Here are some of the legal news stories making headlines this week:
Hunter Biden’s guilty plea agreement on two federal tax charges is on hold after a federal judge expressed legal and constitutional concerns at a proceeding on Wednesday.
- Last month, federal prosecutors charged Hunter Biden with two misdemeanor counts of failing to pay his 2017 and 2018 taxes. He was expected to accept a sentence of two years of probation for pleading guilty to these crimes. Separately, Hunter Biden stands charged with possession of a firearm by a person who is an unlawful user of or addicted to a controlled substance. For that charge, he would agree to enter a pretrial diversion agreement, which requires him to never again own a firearm and remain drug-free for two years.
- Hunter Biden appeared in court this week prepared to plead guilty to the charges. But after a lengthy hearing, US District Judge Maryellen Noreika, who was appointed to the bench by former President Donald Trump, said she was not ready to accept the conditions of the plea deal. First, Noreika was concerned about the agreement itself, questioning whether prosecutors and Hunter Biden’s legal team had agreed to the same terms. For instance, there was disagreement over whether or not the deal would leave Hunter Biden open to further charges. Prosecutors signaled that the investigation is ongoing, while Hunter Biden’s team thought that the plea deal meant that the investigation would be closed. And second, Noreika raised a constitutional issue related to the stipulation for the gun charge. As part of that arrangement, the judge would be tasked with overseeing Hunter Biden’s compliance with the diversion program, and, if he were to violate the terms, deciding whether to bring charges against Hunter Biden. Noreika questioned whether a judge, and not a prosecutor, had the constitutional authority to make those decisions. During the hearing, she said, “It seems to me like you are saying ‘just rubber stamp the agreement, Your Honor.’…This seems to me to be form over substance.” The judge asked the parties to submit additional briefs to further explain the terms of the arrangement.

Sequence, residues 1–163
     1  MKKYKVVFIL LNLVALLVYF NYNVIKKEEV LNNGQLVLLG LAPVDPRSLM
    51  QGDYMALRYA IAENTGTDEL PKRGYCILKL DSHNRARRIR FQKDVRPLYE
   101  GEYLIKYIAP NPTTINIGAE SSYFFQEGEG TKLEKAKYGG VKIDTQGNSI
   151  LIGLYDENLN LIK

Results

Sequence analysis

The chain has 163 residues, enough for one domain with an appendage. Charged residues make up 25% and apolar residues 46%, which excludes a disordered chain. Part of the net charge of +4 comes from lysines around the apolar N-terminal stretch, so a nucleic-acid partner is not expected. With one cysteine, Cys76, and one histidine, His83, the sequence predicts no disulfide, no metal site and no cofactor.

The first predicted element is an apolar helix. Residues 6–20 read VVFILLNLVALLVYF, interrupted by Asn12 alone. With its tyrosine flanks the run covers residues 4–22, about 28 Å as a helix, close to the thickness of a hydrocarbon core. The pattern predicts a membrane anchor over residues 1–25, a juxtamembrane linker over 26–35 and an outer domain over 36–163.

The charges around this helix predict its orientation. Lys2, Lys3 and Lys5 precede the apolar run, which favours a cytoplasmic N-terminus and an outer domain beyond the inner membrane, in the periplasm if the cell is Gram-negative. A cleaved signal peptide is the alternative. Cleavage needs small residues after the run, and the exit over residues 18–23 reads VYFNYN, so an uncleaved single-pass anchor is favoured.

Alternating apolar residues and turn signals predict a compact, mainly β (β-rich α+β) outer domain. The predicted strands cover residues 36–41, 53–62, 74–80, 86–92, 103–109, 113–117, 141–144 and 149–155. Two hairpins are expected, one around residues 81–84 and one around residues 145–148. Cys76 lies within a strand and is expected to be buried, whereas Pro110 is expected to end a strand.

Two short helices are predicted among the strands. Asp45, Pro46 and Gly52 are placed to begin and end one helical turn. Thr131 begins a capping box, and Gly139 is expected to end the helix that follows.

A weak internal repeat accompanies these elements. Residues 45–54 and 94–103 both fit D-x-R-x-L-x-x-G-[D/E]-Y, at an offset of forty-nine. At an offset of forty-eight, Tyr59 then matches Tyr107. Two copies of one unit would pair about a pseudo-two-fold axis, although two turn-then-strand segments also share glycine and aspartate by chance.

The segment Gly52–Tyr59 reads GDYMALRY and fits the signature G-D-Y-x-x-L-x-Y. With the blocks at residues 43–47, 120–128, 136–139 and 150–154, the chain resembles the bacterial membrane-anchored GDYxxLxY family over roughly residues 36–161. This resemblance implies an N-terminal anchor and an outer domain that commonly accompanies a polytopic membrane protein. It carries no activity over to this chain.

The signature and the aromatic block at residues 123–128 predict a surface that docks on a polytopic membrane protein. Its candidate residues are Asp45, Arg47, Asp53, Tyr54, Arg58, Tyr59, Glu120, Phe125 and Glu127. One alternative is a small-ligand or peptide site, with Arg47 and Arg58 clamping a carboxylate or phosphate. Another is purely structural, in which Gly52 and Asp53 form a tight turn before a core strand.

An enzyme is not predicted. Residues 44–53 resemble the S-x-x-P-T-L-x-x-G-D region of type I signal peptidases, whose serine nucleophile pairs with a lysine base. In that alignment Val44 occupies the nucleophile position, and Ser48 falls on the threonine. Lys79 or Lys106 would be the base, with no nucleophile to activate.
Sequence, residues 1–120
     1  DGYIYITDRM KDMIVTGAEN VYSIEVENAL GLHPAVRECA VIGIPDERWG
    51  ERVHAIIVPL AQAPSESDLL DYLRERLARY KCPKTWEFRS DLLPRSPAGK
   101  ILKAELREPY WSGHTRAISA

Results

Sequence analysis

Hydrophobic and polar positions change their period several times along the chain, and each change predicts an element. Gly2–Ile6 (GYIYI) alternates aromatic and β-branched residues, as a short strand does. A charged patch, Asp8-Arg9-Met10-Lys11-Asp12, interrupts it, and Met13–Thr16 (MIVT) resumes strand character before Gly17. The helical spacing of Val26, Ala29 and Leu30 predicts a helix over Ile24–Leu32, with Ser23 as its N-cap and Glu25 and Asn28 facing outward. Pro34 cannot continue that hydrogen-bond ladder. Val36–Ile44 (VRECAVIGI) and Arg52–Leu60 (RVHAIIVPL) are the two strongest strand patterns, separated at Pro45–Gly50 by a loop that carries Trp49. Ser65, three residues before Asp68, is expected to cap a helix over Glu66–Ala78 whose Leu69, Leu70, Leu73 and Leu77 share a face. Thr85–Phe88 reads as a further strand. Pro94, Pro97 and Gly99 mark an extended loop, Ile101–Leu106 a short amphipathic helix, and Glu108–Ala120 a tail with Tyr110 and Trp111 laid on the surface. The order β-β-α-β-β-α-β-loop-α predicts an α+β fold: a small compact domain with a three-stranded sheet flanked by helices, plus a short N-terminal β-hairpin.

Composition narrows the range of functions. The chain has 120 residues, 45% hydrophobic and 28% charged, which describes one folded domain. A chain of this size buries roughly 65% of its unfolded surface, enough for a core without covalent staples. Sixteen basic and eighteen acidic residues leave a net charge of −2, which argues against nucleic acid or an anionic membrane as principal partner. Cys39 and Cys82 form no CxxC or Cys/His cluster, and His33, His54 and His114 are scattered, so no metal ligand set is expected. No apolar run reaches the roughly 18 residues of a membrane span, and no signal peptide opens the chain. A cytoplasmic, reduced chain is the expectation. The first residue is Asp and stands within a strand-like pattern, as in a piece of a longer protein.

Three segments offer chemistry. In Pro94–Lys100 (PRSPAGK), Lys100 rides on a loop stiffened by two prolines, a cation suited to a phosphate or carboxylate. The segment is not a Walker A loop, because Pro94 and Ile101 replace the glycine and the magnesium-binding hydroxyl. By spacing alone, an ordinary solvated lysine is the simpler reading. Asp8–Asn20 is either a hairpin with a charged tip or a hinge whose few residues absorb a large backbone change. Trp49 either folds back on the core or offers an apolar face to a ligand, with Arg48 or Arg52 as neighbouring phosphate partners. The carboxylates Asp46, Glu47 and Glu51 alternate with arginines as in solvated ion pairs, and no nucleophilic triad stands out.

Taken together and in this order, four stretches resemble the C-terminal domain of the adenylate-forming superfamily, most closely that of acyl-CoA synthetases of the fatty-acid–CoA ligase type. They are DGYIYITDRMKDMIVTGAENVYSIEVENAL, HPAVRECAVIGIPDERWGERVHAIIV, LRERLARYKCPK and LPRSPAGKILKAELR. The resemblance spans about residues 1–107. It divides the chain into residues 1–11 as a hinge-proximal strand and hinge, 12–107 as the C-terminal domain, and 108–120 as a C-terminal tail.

- Republicans in Congress have criticized the plea deal and DOJ’s handling of the investigation, holding a number of hearings on the matter and releasing testimony from two IRS whistleblowers who criticized Department leadership. House Oversight Committee chair James Comer (R-KY) praised the judge’s decision to delay acceptance of the deal, saying, “Today District Judge Noreika did the right thing by refusing to rubberstamp Hunter Biden’s sweetheart plea deal. But let’s be clear: Hunter’s sweetheart plea deal belongs in the trash.”
In a court filing, Rudy Giuliani admitted to making false statements related to the 2020 election.
- Georgia election workers Ruby Freeman and Shaye Moss, a mother-daughter duo, filed a defamation lawsuit against Giuliani over his allegations that they engaged in voter fraud. Giuliani served as Trump’s attorney during the 2020 election. Giuliani and others in Trump’s orbit repeatedly attacked Freeman and Moss publicly, which they claim has made them the “objects of vitriol, threats, and harassment.”
- In a statement to the court, Giuliani said that he “does not contest” that his statements were “false” and “carry meaning that is defamatory.” Despite the admission of liability, Giuliani still intends to fight the lawsuit. An aide, Ted Goodman, told Politico that Giuliani’s admission would allow the case to move past the fact-gathering stage so that he could file a motion to dismiss the claim. Goodman said, “This is a legal issue, not a factual issue.”
- Legal experts, such as former Mueller probe prosecutor Andrew Weissmann, wondered why Giuliani was willing to admit that his statements were defamatory and not truthful in order to avoid further fact-gathering in the case. Weissmann wrote, “Big remaining question: what is the damning discovery Rudy is hiding and trying to avoid producing? He has already been sanctioned by Judge Howell for this failure; now he is trying to say it is unnecessary as he is conceding the facts.”
Week In a Nutshell is part of the free weekly CAFE Brief newsletter.
Sign up free to receive the CAFE Brief in your inbox every Friday: cafe.com/brief